The Biden administration pushed Congress Tuesday to approve its $105 billion national security supplemental request that includes support for both Israel and Ukraine as the House of Representatives prepares to consider legislation that would only support Israel.
Secretary of State Antony Blinken warned that separating funding for Ukraine from support for Israel could embolden adversaries like Russia and Iran.
"For our adversaries — be they states or non-states — this is all one fight and we have to respond in a way that recognizes that," Blinken told a Senate panel Tuesday. "If we start to peel off pieces of this package, they'll see that. They'll understand that we are playing whack-a-mole while they cooperate increasingly."
The request includes $61.4 billion for Ukraine and $14.3 billion for Israel, as well as funding for border security, humanitarian aid, and Indo-Pacific initiatives. The buckets for Ukraine and Israel include funding to give their militaries weapons from the Defense Department.
Several senators expressed concern that the nearly $10 billion for humanitarian aid in the request could end up in the hands of Hamas.
"We are working with the Israeli government, with Egypt, with the UN agencies as well as with other actors to try and make sure that assistance could get to people who need it in Gaza, but get in a way that doesn't go to the people who don't need it, and that's Hamas," said Blinken.
Blinken was asked if he can guarantee that no U.S. taxpayer dollars going to humanitarian aid for Gaza would be used by Hamas. Blinken did not answer directly but said there is a "robust inspection" of any aid money.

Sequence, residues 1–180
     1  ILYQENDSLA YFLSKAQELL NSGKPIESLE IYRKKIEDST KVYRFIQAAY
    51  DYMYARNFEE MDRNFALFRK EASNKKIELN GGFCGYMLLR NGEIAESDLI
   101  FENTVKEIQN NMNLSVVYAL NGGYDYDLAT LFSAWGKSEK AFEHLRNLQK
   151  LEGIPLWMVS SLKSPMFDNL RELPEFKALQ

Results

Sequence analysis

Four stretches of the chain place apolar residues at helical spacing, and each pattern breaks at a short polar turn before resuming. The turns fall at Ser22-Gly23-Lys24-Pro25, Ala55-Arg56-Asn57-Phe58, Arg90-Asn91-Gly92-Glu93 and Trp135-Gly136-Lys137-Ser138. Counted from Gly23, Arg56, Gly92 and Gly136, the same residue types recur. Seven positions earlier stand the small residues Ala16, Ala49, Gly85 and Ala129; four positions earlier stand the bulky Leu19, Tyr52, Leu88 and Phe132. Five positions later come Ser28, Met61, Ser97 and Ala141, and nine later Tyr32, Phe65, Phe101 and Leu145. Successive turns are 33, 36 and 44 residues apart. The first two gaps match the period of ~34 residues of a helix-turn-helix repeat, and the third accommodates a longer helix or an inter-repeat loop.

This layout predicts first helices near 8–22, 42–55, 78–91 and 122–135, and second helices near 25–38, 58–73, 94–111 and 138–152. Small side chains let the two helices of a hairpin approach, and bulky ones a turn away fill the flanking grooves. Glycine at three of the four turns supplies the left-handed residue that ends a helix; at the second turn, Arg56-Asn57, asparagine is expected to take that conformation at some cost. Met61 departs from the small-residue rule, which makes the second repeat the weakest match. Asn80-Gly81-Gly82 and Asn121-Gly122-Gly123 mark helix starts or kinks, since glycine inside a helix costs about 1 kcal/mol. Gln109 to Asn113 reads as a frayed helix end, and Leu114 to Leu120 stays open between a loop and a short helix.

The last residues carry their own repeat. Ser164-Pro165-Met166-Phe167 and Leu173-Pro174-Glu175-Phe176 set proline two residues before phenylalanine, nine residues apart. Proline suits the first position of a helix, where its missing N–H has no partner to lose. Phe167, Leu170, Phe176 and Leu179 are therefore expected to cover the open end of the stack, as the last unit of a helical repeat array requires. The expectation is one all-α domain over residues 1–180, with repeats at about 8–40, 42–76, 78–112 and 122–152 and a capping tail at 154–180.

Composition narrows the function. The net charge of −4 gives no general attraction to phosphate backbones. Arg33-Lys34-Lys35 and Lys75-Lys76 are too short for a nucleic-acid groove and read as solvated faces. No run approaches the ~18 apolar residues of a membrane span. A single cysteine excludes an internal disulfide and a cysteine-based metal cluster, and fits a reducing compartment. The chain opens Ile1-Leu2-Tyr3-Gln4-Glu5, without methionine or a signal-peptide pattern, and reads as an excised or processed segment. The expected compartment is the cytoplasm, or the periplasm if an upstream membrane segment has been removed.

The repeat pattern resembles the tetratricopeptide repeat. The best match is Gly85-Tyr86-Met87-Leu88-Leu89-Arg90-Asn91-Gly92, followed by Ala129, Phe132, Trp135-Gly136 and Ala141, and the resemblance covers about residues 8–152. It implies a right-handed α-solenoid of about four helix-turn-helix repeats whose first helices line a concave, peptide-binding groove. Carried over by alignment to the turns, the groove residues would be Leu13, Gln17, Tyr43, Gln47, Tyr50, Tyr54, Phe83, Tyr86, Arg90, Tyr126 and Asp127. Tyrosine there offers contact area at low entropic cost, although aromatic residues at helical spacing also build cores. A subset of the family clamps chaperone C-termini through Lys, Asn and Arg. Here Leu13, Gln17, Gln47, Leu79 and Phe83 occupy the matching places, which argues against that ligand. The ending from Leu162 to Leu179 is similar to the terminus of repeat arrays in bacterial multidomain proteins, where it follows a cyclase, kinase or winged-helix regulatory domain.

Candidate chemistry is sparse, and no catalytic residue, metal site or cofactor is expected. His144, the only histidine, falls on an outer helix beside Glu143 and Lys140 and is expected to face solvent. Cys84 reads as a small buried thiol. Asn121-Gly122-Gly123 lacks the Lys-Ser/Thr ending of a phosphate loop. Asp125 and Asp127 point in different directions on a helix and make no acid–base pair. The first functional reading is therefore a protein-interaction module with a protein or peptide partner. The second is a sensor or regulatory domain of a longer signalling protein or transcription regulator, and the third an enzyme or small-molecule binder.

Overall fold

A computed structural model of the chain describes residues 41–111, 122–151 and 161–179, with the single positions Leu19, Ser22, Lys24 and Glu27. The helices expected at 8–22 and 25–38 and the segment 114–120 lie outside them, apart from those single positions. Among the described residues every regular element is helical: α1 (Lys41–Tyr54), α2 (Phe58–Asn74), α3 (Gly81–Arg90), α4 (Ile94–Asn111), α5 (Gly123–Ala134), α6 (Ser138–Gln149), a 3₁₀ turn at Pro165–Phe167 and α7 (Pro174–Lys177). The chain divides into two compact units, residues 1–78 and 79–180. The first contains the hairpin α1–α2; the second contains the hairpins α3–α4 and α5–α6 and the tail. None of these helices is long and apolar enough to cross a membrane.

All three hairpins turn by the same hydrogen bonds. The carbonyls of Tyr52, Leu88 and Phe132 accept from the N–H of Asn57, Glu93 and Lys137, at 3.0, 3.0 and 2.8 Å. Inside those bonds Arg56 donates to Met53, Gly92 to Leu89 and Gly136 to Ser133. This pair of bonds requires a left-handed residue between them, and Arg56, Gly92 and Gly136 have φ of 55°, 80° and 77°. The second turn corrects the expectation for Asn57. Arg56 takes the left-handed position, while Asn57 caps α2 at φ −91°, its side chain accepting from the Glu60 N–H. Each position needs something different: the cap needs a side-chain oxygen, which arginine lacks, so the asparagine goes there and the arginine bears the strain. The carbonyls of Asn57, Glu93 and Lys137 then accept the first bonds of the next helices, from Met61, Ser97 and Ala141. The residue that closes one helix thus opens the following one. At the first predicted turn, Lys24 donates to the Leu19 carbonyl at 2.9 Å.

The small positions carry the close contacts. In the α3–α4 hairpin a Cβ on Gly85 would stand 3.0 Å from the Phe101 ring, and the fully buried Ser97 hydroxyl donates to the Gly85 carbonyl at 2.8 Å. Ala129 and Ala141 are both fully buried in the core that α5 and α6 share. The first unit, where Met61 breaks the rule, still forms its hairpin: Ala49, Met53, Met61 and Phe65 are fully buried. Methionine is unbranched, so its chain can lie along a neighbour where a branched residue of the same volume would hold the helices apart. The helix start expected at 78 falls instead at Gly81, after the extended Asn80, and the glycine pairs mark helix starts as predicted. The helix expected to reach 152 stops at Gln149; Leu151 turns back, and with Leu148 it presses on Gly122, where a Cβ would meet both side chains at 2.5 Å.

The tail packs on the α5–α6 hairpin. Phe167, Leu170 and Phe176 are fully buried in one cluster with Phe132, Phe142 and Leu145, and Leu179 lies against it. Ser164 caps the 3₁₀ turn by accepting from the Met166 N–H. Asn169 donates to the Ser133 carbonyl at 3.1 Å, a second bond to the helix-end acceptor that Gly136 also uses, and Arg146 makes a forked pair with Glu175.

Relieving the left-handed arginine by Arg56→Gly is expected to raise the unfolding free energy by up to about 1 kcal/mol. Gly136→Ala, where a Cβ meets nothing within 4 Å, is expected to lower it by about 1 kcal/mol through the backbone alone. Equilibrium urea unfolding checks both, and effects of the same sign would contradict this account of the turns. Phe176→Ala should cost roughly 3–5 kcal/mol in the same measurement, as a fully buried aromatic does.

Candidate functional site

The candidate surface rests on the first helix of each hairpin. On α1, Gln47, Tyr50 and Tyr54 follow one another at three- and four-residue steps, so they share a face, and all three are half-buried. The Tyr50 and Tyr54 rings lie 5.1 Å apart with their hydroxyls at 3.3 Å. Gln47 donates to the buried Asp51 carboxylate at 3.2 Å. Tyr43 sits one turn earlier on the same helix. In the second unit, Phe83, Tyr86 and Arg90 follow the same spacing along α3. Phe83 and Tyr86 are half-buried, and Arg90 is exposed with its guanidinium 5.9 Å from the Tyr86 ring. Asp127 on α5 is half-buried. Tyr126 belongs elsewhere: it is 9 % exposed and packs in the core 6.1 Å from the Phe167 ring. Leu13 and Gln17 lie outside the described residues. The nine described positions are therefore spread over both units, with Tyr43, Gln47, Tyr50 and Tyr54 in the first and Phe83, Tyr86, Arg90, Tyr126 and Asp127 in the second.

Defense Secretary Lloyd Austin, testifying alongside Blinken, made the case for keeping up support for Ukraine in its counteroffensive against Russia.
"I can guarantee you that without our support, Putin will be successful," Austin told the senators, warning that Putin is hoping the U.S. loses interest in the long-run.
Sen. Chris Murphy, Democrat of Connecticut, pressed for Ukraine aid not to be forgotten, warning that Ukraine could now see "the bottom of the barrel" and that soon there would not be any bullets left in their guns.
The Pentagon has provided Ukraine with about $44 billion worth of equipment in drawdowns from Defense Department stocks since Russia invaded in February 2022. Those drawdowns have continued since the end of the fiscal year, but the Pentagon said Tuesday there is only about $5.4 billion in drawdown authority left until Congress passes more funding.
The push for Ukraine aid in Tuesday's Senate hearing comes as Republicans in Congress are divided over whether to pair funding for Ukraine with support for Israel.
House Speaker Mike Johnson, who's been in the job for a few days, has voted against Ukraine aid in the past, and House Republicans released a measure this week that would provide support for just Israel. But Republican Senate Minority Leader Mitch McConnell said Tuesday he believes the challenges Ukraine and Israel pose are connected and should be funded together, along with money for border security and the Indo-Pacific.
Blinken also provided more detail about Americans stranded in Gaza who remain unable to depart through the Rafah border crossing connecting Gaza to Egypt. He told lawmakers there are currently about 400 U.S. citizens — 1,000 people, including the citizens' family members — trying to leave Gaza. The State Department has reached out to American citizens either through phone calls, emails or What's App, Blinken said.
Sen. Jeff Merkley, Democrat of Oregon, said one Oregon family received three separate text notifications from the State Department to go to the Rafah border crossing. But each time the family went to the border crossing, the gate never opened.
Blinken blamed Hamas for being an "impediment" to allowing American citizens to leave. There were occasions the State Department thought it would be able to evacuate Americans, only to find that the procedures to enable them to leave were blocked by Hamas, according to Blinken.
Blinken was interrupted several times during his opening remarks by protesters shouting "ceasefire now" and "the U.S. is supporting a brutal massacre." Blinken acknowledged these protestors at the end of his statement.
"I also hear very much the passions expressed in this room and outside this room," he said. "All of us are committed to the protection of civilian life. All of us know the suffering that is taking place as we speak. All of us are determined to see it end."